FIG. 5 illustrates an exemplary model that includes unmapped sub graphs. Model 500 may include the model components of FIG. 3; however, in FIG. 5 sub graphs having a sample time of 0.01 sec are unmapped with respect to one or more tasks in task group 330. For example, sub graph identifier 510 may display the sample time for the sub graph and may include a region, such as a square, that visually differs from regions for mapped sub graphs. For example, identifier 510 may be unshaded where other sub graph identifiers are shaded. Alternatively, identifier 510 may be a color that differs from colors of mapped sub graphs.

In an embodiment, sample time identifiers, such as numbers, may be displayed for a sub graph identifier when the identifier is unmapped with respect to a task. When the respective sub graph is mapped, the sample time identifier may be replaced with a color, a shading pattern, or some other type of visual identifier that indicates the sub graph has been mapped to a task. Mapping a sub graph to a task may ensure that the sub graph is allocated to a concurrent computing resource when model 500 is simulated.

Embodiments may employ mapping techniques that enforce desired constraints. For example, a mapping tool may prevent mapping of sub graphs whose sample times do not exactly match the rate of execution of the task. Alternately, the mapping may allow mapping of sub graphs with a different rate as long as the sample time of the mapped sub graph is a multiple of the task execution period.

FIG. 6 illustrates an exemplary user interface for mapping sub graphs to tasks. While the embodiment of FIG. 6 illustrates a UI, the arrangement of information in FIG. 6 can represent information in a computer-readable storage medium, such as a data store, an API, etc., without departing from the spirit of the invention. UI 600 may contain a table that includes a listing of sub graphs in the first column, which is identified via component/sub graph identifier 610. The second column of UI 600 is indicated using sample time identifier 620. Sample time identifier 620 indicates a sample time for a corresponding sub graph or component. The third column of UI 600 includes task identifier 630 for identifying tasks associated with sub graphs. The third column may include drop down menus that can be indicated using drop down identifier 635. Drop down identifier 635 may allow a user to select which task a sub graph is mapped to. Drop down menus may provide the user with an intuitive and easy to use mechanism for selecting available tasks and for graphically associating tasks with sub graphs. An exemplary drop down menu 640 is shown in the upper right portion of FIG. 6 and may include names for available tasks.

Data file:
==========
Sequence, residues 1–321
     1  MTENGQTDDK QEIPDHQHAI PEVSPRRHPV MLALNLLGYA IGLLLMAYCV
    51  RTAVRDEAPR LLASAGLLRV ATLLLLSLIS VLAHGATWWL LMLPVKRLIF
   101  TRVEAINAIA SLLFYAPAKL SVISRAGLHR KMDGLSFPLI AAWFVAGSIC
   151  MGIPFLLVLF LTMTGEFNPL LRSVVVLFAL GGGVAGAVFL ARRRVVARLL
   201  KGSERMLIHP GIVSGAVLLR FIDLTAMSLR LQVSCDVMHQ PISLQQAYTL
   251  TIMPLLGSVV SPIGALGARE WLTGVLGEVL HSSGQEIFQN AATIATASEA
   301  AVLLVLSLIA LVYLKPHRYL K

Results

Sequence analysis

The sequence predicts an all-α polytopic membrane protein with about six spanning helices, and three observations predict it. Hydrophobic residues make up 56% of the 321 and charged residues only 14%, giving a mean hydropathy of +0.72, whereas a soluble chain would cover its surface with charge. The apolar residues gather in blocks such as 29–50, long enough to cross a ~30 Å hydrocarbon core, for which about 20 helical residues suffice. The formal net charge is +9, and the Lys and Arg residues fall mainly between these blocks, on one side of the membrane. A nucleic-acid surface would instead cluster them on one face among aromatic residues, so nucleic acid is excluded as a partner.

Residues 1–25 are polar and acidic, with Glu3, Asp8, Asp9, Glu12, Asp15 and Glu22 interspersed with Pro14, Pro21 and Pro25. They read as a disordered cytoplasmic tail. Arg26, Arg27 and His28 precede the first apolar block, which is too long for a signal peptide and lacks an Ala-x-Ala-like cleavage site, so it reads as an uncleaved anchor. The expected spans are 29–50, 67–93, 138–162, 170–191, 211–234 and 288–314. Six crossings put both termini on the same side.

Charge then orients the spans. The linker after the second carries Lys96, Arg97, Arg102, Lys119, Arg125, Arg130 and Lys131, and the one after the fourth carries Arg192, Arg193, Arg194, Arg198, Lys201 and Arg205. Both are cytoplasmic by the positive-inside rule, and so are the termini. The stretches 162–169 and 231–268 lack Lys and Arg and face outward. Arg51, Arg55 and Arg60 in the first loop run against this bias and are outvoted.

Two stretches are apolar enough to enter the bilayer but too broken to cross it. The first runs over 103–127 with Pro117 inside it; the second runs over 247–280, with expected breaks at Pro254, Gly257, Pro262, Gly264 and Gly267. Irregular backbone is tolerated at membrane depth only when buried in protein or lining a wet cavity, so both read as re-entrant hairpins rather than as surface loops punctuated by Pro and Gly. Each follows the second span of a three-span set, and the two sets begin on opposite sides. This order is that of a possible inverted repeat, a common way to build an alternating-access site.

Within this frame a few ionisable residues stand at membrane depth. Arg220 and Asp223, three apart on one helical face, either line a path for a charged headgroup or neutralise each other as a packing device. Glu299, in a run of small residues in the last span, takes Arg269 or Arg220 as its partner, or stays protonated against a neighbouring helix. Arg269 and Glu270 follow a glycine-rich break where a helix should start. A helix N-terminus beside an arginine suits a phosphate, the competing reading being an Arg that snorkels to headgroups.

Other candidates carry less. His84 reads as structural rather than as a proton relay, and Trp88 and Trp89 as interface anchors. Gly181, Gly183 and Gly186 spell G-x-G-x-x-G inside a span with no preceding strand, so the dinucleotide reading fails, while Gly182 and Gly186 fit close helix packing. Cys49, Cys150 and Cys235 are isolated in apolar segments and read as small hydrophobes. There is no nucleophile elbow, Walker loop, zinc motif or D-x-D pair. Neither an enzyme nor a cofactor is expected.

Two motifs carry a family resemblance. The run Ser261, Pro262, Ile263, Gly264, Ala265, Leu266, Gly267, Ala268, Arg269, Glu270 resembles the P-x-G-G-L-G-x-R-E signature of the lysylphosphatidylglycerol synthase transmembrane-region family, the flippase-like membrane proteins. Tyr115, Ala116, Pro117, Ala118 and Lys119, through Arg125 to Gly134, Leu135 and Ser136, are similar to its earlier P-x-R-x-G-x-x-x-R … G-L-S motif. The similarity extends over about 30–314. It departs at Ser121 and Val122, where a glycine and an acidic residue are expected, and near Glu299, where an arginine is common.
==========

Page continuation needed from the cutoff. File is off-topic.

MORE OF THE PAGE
FIG. 7 illustrates an exemplary user interface 700 for mapping sub graphs to tasks and/or cores. UI 700 may be based on UI 400 and may include mapped sub graph field 710 and move field 720. Mapped sub graph field 710 may include textual explanations about model components included in a mapped sub graph. For example, text can indicate whether a mapped sub graph is part of a plant, a controller, a user input/control, etc. The text can further describe sample rate information as well as other information related to a sub graph.

Move field 720 may include information that indicates a task on which a sub graph will run. In an embodiment, drop down menus may provide a user with available selections about tasks and/or whether a sub graph will be executed in a batch mode. Initially, move field 720 may be unpopulated and a user may manually populate entries in field 720. In another embodiment, entries in field 720 may be programmatically populated with initial configurations and a user may vary the configurations when desired. UI 700 may include a batch move button 730 that allows the user to move sub graphs associated with a batch mode as a group.

By way of example and referring to FIG. 7, sub graphs mapped to a respective task are listed in a separate column with the name of a component and sample-time. Additionally, unmapped sub graphs are shown as being associated with a special “unmapped” task. Field 720 may include fields having a pull down menu with task names that allow users to pick which task a specific sub graph should be moved into. For example, sub graphs ‘User Controls (0.01)’, ‘Plant Section 2 (0.01)’, ‘Controller Section 2 (0.001)’ are being setup to move to tasks ‘Slow’, ‘Fast 1’, and ‘Fast 2’, respectively. Field 720 may further allow users to remap sub graphs from one task to another. In an embodiment, UI 700 may be configured in a manner such that only tasks suitable for receiving items are presented in the ‘Move to task’ pull down menu. For instance, the pull down may only show tasks having a same period that matches a sample period of a corresponding sub graph. In FIGS. 6 and 7, sub graphs are indicated using textual names associated with the icons of the respective components.

FIG. 8 illustrates UI 800 that can use icons 810 for identifying sub graphs or components corresponding to sub graphs. UI 800 may use the icons in place of using textual descriptions. Users may drag icons 810 directly from one task to another to graphically perform mapping operations. Embodiments, such as UI 800, may prevent users from having to learn special configuration commands for mapping sub graphs to tasks. Instead, users can intuitively move objects, such as icons 810, from one location to another to achieve a desired mapping.